2. You’re a lying idiot.

          First, the Community REINVESTMENT Act simply prevented redlining and nothing else.

          And states do not do federal housing mortgages.

          1. You’re a disingenuous cunt. When “preventing redlining” consist of denying M&A to banks who won’t make loans in minority communities because, by sheer coincidence, they tend to go bad at a higher rate, you are indeed “forcing a bank to make a loan”. DemocraticUnderground is not a good source for your news.

            1. STFU. States relaxed all the merger laws for banks right after the notorious CRA was passed. That is precisely why Charlotte became the second banking capital after buying the largest California bank.

              The CRA is nothing but a wingnut conspiracy theory just like the NAFTA highway and UN Agenda 21.

              Really, you are way out of your league here. Go back to Glenn Beck radio or Andrew

              1. Why don’t you at least head to Wikipedia to read a summary of the regulatory changes made since the law passed. Better yet, go check out Cato’s writing on the subject from the late 90’s before you or any of the other basement dwelling Kos groupies had ever heard of something called a Community Reinvestment Act:…..isnt-there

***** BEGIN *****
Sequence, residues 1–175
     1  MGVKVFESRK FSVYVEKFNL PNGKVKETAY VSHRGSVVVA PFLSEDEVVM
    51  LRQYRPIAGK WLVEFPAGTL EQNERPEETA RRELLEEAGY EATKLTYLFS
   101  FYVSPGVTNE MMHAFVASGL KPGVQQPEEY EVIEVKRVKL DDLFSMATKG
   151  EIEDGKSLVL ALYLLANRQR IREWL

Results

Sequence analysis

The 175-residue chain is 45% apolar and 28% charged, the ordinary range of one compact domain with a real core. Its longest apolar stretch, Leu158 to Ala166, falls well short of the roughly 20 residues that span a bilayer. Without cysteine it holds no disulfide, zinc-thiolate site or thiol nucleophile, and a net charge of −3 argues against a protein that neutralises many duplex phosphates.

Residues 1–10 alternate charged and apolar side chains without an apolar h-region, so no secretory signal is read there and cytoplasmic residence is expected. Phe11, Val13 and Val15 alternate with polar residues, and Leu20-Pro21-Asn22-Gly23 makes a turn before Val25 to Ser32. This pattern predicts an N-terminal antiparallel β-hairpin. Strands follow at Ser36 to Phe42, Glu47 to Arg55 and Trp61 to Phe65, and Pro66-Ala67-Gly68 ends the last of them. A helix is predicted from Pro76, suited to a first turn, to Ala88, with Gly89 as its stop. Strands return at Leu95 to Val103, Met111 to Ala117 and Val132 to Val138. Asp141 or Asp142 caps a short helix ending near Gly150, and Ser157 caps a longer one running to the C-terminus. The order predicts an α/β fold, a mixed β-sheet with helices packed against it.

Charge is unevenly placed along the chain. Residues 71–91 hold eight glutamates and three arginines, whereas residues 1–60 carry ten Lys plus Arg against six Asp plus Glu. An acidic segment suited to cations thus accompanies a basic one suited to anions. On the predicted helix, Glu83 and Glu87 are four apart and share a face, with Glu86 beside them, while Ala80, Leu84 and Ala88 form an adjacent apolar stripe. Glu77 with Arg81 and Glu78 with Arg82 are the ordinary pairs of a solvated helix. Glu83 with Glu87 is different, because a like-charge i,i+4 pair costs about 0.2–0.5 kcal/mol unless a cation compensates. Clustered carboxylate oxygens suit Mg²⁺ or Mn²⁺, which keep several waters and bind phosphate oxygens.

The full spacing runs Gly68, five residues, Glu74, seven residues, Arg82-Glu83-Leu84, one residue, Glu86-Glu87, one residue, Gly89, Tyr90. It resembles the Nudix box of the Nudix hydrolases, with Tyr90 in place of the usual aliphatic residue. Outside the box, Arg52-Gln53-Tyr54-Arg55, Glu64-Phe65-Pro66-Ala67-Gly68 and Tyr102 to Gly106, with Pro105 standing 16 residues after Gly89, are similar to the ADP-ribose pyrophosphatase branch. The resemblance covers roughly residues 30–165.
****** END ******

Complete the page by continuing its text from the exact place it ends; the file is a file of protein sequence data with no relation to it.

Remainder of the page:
Or you could just substitute dimwitted name-calling and vacuous insults of conservative radio figures that nobody has mentioned or cares about for an actual argument. Oh wait…

                1. I destroyed your point, you fool.

                  Bank M&A went wild in the 80s/90s aftermath of the CRA. Charlotte Bank of NC bought the largest banks in Georgia (C&S), Florida (Barnett), and California (Bank of America).

                  Who exactly “forced” them? And your Cato link is a non sequitor. I don’t care about discrimination.

                  1. Palin’s Buttplug| 1.13.13 @ 5:00PM |#
                    “I destroyed your point, you fool.”

                    Shitstain, that’s not possible. Go suck a turd.

                  2. You know I knew there were some ad Hominem reliant debaters on Reason’s board, but you win the prize. You couldn’t argue your way out of a wet paper bag without name calling. Asshole :p

              2. = WINGNUTZ!!!111!!11!!!

                New Study Finds CRA ‘Clearly’ Did Lead To Risky Lending

                To satisfy CRA examiners, “flexible” lending by large banks rose an average 5% and those loans defaulted about 15% more often, the 43-page study found.

                1. They rose 5% and defaulted 15% more often? 5 fucking percent?!?! 15 fucking percent?!! Shit, no wonder the whole banking sector crashed!!!

              3. Yes, when I look for sober, reasoned Internet commentary I look for people named “Palin’s Buttplug”.

          2. First, the Community REINVESTMENT Act simply prevented redlining and nothing else.